It’s been a little quiet here recently.
One reason for the lack of posts is my volunteer job. I teach English as a Second (or Other) Language at my church twice a week. We have a fantastic lead teacher who prepares all the lessons, and all the rest of us have to do is show up and work through the lesson with a small group of students.
Well, our fantastic leader is on vacation and she left me in charge. She gave me some lessons from a couple years ago (she’s recycling) that I could use – but they “need some work,” she said. I knew that any changes I made would not improve her lessons, so I decided to write my own instead.
I am not a trained teacher – I just stumbled my way into this. Preparing a lesson takes me a lot of time. So I’ve been writing lessons rather than blog posts.
I think I’ve found a way to recycle a blog post into an English lesson and then recycle that lesson into a blog post. Lazy? Or brilliant?
If you are a regular reader here, you know that I have a few posts that I refer to as “Chair Memories.” I decided to use my cousin’s poem, “The Gold Recliner” as the starting point for yesterday’s ESL lesson. Then I took an excerpt from my memory of “The Spit-Up Chair” to expand on the idea of an object that evokes a memory.
I was concerned that the sadness of the poem could be upsetting to some of our students who have suffered losses. A few of our students are refugees from war-torn countries. Others have grieved the loss of loved ones, as we all do. And I didn’t want the morning to be depressing, so I tried to “soften” things a bit by adding discussion questions about memories elicited by music, or a smell – and whether or not one has a good or bad memory…. that kind of thing.
The last part of the lesson asked the students to write about an object that holds memories for them and to share the story with their group.
I am sorry to report that I made Mrs. Li cry.
As Mrs. Li, an older woman from China, told us about the china tea cup (a real Chinese china tea cup) given to her by her younger brother who has since died, tears began to roll down her cheeks. I wasn’t sure if she could finish, but she did.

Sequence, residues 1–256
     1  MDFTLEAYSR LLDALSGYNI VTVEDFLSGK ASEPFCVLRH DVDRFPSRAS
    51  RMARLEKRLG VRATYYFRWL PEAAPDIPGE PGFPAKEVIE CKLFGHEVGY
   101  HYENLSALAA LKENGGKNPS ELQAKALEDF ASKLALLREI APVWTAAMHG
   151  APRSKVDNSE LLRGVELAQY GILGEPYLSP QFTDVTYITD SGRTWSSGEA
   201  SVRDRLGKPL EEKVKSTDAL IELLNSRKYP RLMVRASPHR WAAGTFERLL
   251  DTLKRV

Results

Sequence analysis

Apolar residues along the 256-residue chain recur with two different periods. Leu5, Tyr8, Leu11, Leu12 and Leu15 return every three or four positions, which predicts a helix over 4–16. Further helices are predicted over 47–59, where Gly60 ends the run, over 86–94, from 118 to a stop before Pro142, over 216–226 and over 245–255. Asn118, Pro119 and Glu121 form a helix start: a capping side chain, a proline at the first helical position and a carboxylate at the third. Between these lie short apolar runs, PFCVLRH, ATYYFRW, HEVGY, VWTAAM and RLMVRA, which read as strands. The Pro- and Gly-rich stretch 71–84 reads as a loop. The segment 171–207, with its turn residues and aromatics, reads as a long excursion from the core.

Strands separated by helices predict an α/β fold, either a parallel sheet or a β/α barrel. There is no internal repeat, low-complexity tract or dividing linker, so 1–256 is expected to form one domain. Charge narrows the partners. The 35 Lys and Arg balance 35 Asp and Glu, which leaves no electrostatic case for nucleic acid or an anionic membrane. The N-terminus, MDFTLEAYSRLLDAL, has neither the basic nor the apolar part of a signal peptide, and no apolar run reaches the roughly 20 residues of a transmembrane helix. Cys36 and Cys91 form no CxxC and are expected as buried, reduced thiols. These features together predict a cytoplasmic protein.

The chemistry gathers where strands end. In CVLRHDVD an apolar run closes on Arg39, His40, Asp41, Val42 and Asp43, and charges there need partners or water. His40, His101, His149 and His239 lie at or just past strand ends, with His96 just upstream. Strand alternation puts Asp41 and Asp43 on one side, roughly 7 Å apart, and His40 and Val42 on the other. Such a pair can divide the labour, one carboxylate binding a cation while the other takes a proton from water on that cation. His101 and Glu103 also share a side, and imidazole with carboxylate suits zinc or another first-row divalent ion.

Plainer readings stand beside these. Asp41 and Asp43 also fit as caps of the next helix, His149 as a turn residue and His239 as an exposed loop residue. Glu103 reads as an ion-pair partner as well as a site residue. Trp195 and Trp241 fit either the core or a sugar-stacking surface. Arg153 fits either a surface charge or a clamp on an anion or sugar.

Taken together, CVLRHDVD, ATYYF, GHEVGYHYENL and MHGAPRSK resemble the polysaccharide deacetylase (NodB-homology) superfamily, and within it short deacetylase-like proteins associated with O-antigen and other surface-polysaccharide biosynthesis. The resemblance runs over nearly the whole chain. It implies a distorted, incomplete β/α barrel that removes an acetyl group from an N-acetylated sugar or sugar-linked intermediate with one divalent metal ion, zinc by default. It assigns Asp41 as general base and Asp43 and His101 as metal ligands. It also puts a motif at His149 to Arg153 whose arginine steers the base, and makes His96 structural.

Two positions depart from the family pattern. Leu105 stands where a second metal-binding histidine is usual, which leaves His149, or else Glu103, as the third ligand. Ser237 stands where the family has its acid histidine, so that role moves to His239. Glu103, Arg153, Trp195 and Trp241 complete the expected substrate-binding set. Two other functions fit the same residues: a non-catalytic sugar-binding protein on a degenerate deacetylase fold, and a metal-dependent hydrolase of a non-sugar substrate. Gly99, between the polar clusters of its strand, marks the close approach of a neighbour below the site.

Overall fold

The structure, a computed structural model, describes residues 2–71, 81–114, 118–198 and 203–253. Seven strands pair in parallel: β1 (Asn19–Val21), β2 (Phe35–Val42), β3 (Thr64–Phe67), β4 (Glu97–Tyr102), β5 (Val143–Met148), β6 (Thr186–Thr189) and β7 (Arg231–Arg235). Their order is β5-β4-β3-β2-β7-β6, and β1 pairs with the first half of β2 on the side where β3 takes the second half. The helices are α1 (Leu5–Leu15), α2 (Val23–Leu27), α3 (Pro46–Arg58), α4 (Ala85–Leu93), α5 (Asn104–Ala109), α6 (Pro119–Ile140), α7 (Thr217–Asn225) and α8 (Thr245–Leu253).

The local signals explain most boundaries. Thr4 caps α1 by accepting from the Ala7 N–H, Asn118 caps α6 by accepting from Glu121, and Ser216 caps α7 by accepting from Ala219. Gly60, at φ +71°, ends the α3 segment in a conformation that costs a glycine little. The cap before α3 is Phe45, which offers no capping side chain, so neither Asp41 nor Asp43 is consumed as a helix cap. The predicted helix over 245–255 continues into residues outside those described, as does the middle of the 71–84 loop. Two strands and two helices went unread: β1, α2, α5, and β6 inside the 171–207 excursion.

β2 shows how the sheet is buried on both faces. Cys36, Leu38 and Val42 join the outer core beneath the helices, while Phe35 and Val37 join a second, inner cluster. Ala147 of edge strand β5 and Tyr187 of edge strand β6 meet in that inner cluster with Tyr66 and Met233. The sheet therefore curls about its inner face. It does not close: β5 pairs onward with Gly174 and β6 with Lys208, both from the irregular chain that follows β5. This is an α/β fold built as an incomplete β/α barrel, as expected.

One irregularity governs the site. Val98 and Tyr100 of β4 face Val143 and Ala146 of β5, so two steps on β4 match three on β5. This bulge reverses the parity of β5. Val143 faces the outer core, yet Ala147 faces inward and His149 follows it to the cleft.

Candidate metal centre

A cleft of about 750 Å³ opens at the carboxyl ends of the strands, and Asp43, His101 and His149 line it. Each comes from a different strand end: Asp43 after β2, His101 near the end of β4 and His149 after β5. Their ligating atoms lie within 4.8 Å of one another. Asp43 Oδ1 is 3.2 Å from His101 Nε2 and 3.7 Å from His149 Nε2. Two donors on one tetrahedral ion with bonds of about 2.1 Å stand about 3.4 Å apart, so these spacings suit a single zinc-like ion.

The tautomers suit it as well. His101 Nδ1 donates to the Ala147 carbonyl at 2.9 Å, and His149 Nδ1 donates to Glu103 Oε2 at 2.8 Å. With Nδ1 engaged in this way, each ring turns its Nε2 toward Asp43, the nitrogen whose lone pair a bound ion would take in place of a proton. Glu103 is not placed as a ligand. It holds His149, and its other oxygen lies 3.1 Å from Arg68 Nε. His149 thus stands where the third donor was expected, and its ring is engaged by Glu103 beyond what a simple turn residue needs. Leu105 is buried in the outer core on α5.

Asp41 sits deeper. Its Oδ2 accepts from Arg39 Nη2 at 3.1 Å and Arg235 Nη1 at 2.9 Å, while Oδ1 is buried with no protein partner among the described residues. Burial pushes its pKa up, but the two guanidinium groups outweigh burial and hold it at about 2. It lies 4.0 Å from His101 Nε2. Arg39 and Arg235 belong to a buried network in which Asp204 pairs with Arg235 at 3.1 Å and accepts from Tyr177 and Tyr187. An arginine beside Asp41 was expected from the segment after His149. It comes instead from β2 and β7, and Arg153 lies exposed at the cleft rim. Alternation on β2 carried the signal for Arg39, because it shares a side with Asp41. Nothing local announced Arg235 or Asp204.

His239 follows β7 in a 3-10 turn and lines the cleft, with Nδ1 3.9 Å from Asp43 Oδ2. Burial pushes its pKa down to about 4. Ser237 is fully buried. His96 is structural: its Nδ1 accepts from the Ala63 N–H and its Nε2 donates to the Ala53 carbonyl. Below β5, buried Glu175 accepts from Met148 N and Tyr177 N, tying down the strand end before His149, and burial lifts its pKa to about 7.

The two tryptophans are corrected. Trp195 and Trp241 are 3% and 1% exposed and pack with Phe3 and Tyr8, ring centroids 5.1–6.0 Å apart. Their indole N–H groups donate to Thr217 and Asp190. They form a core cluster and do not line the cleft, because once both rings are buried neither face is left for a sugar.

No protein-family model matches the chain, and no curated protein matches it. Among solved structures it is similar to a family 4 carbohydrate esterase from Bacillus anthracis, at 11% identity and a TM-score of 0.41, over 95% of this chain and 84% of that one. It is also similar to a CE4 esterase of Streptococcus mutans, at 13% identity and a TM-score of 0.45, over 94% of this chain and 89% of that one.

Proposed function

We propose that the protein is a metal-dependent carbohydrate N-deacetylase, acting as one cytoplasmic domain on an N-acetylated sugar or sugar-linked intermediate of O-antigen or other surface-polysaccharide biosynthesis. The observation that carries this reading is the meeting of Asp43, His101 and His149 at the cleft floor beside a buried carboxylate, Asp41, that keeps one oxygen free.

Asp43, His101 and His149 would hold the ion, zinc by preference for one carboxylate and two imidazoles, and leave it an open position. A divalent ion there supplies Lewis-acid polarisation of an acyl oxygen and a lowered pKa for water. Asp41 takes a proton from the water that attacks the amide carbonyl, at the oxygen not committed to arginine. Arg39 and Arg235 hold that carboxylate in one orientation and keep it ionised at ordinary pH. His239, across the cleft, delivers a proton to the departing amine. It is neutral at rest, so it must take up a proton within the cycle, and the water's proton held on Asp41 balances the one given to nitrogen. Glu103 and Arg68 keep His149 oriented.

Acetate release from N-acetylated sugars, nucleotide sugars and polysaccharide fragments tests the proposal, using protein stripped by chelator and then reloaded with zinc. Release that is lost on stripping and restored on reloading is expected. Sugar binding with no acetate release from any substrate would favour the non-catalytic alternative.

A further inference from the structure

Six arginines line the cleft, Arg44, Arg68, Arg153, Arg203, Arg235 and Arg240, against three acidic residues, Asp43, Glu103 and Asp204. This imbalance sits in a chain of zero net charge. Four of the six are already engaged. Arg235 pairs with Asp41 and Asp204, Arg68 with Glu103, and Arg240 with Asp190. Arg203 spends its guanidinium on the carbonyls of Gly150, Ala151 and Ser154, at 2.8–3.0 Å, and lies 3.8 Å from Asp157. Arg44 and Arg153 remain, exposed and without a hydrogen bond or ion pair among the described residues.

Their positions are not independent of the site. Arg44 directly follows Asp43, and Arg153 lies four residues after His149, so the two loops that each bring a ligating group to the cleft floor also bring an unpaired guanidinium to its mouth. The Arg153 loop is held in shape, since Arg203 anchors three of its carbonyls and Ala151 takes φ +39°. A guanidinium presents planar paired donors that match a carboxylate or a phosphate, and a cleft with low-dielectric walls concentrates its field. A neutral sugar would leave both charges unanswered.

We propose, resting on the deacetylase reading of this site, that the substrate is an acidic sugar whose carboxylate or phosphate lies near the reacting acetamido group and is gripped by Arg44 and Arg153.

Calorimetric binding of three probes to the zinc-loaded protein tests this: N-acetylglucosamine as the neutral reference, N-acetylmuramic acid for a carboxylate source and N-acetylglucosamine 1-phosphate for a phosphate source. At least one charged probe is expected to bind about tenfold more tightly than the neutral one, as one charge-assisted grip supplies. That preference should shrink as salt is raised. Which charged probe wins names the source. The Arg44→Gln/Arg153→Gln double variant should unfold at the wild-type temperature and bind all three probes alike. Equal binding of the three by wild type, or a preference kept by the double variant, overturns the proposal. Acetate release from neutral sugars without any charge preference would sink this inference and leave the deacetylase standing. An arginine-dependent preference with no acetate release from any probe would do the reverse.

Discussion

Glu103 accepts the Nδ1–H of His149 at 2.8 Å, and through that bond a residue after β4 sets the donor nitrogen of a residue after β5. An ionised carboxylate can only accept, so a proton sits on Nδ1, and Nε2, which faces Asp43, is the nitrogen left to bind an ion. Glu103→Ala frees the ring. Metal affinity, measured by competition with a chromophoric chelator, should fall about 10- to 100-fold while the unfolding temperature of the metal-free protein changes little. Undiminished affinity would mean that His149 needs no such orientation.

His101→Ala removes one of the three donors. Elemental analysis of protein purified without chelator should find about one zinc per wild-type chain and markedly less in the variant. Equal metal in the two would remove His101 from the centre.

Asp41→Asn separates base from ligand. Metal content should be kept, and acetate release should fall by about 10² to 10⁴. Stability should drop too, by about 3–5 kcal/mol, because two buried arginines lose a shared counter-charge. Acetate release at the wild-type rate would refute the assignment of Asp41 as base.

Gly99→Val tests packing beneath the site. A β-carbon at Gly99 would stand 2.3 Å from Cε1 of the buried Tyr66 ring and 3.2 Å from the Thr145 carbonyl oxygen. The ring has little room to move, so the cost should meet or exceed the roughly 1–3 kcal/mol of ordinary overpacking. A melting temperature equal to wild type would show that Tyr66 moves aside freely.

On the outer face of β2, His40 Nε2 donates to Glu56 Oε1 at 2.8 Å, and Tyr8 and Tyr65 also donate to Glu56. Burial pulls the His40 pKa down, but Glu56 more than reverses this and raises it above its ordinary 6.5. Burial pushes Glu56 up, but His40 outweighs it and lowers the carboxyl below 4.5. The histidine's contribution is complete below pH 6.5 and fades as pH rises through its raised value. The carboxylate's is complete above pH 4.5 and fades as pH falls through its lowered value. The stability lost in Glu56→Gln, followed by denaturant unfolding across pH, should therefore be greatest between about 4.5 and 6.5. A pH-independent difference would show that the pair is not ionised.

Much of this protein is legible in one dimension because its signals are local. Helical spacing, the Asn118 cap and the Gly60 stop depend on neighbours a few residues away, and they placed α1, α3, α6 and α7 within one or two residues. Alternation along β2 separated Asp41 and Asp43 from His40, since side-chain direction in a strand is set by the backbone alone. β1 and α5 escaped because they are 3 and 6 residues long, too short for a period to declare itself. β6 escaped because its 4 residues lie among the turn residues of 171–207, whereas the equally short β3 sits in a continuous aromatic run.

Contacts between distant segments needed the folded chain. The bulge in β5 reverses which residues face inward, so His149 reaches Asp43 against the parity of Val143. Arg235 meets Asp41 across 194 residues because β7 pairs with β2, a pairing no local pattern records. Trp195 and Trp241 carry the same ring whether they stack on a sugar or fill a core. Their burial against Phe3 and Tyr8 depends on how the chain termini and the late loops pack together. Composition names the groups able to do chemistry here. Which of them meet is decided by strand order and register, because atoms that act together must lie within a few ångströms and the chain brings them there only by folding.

A woman from Mexico, here in town to visit her grandson, told us that her grandson reminds her of her son when he was a baby and that her wedding ring brings back many happy memories surrounding her wedding.
A young woman from Korea read her story of a pair of white athletic shoes – a gift from her boyfriend (now husband)… how the left shoe was too tight but then stretched to fit perfectly; how she would not wear the shoes in the rain or on unpaved surfaces; how she met her fitness goals in these shoes; and how she lost the left shoe. No longer in possession of the left shoe, she threw the right shoe away.
I think I saw tears begin to well in her eyes as she talked about a pair of athletic shoes.
A woman from Russia related memories of her first days in school and the kindness of her teacher.
A man from Mexico told us about his first watch – a gift for his 8th birthday. He was so proud of his watch with the Roman numerals on the clock face that he was constantly reporting the time to anyone within earshot. Eventually the watch needed a new wristband – and his mother accidentally lost the watch.
A young man from Spain told us about summers spent at his grandmother’s house in a small village and the good times he had there.
A young mother from Japan told us about a trip she took to Cambodia with her American friend (he was just her friend!). They visited the Killing Fields. They volunteered at a school where they taught a little Japanese and English to the children. To thank them, some children reached up and picked leaves from a coconut tree and formed them into two rings, then placed the rings on the ring finger of her left hand and her friend’s left hand. It was then that they knew they were to be more than friends. Now they are married with one child and another on the way.
An older man from Vietnam arrived very late to class. The other students were already writing so I gave him a quick summary of what he had missed and what the students were doing. He sat and thought while the others wrote. After the students had shared their stories, I asked if he wanted to share a memory. “No. I try to forget. Not good for me to remember. Like her (nodding to Mrs. Li), I would cry,” he said.
Photo Credit: Coconut Flower by Mohammad Mahdi Karim/Wikipedia/Creative Commons Licence